The previous 2 posts have focussed on the problems that parents and teachers have in getting kids to review. In this post, parents and teachers were invited to wave a magic wand, to find their own ideal solutions for music teaching.
The teachers have their say
- Parents remember to fill in the 50-times charts (intended to make sure that review happens regularly). No more “Oops, forgot about the 50x charts,” which seems to be double-speak for, ”We can’t see the point of that!!”
- I would like to convince other educationists that we all need time to review.
- Instil understanding and patience in both the parent and the child and that they would practice their review pieces with precision.
- Students and PARENTS who aspire to work on each piece for as long as it takes to make is really easy, and then who happily play each piece daily to the best of their ability.
- Being able to say things that make it more interesting, stimulating. Saying things that make it fresh again. As if it were a brand new learning experience, where the brain is curious again.
- I would give patience to learn & practice slowly.
- Give me anything that makes review exciting.
What parents wanted.
- My child would listen to the teacher’s suggestions, come home, remember, then do in order she suggested.
- I would love to have some way of increasing my children’s attention span and willingness to do as they are told.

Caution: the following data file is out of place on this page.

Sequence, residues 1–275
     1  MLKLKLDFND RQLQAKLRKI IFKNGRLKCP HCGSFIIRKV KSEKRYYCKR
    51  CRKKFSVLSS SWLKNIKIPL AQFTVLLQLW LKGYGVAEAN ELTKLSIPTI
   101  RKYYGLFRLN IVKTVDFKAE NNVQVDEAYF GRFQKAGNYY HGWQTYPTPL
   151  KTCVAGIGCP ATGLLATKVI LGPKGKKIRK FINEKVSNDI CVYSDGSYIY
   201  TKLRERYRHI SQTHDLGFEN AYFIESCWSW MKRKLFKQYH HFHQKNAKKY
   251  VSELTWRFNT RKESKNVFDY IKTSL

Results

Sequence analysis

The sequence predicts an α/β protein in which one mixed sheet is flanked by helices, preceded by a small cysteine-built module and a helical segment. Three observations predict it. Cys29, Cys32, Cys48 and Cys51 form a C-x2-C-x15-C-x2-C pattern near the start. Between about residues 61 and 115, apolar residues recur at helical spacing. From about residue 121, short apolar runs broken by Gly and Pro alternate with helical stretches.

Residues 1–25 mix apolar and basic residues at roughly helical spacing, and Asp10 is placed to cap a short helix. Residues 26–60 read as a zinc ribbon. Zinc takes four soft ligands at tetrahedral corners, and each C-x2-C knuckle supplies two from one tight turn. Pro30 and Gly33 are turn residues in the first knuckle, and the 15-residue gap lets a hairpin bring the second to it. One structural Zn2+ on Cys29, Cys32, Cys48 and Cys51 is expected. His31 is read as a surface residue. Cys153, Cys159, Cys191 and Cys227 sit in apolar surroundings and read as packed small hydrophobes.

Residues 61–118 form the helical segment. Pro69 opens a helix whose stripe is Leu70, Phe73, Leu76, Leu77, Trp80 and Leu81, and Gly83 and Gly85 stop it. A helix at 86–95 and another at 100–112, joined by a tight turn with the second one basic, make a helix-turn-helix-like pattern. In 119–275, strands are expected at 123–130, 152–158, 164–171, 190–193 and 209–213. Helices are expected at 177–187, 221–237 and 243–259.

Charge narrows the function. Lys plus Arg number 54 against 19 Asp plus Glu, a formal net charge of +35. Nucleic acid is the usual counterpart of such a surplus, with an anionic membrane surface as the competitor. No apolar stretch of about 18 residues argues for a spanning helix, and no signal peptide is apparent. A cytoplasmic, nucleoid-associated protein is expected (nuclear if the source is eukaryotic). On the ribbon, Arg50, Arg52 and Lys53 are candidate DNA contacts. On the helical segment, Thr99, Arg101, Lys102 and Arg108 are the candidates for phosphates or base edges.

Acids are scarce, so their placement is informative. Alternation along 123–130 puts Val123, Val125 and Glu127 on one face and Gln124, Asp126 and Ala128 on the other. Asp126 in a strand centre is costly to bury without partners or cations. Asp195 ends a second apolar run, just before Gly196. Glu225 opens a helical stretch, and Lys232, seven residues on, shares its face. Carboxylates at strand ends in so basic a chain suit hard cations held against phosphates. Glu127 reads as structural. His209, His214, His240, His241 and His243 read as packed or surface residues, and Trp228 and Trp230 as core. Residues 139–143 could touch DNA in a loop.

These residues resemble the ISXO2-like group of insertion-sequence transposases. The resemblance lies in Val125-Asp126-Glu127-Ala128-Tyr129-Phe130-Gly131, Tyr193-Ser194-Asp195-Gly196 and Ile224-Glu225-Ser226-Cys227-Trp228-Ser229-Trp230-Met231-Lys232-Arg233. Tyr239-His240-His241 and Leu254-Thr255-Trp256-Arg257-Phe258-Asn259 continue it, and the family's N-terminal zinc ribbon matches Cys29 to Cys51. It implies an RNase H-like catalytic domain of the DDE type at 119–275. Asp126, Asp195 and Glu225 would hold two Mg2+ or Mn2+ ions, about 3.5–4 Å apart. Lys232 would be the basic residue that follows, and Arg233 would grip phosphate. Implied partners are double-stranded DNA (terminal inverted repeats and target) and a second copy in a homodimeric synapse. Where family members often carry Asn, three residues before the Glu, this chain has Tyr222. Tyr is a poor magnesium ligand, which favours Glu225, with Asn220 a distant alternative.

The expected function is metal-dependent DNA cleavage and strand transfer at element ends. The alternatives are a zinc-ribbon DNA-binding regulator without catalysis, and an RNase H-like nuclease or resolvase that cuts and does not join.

- I’d like my child to be self-motivated, in another words, more passionate about playing (I notice he is more passionate after a good concert or performance).
- To have my child totally engaged and focused when it is practice time. It would cut the practicing time at least in half.
- I need more fun music games to hold interest and more fun ideas to keep the material fresh.
- Having more fun with review while still learning and improving quality of playing.
- A simple way to make it fun and interesting.
- Willing child, rested parent, both concentrating, clear about assignment and goal.
- My child would willingly do review with good focus and high musicality, with minimum prompting so we can progress to that week’s assignment.
- Motivate the child to want to review, and review well, with 100% effort, all the time.
- More practice hours in the day to enable this to be un-pressured. All the time and concentration in the world.
- Having a rotating list of review pieces to work on each week helps. Also if the child knows which review pieces have to be prepared for the next group lesson. More group classes doing review pieces is a good motivator.
- In a magical world at the beginning of every practice my child would say “Before I start my working piece can I play through my book 1 pieces and show off my straight bowing / beautiful tone/ (whatever we are working on) in every piece?”
- More guidance and practical advice on how to work positively on specific learning points. General advice is great, but specific would be fab – so for book 1 – what are the learning points – how hard to try and what should be aimed for. Is a structured weekly plan useful or is it better to play day by day?
Tomorrow, in Review – Making it Fun, Gets the Job Done, your questions will be answered.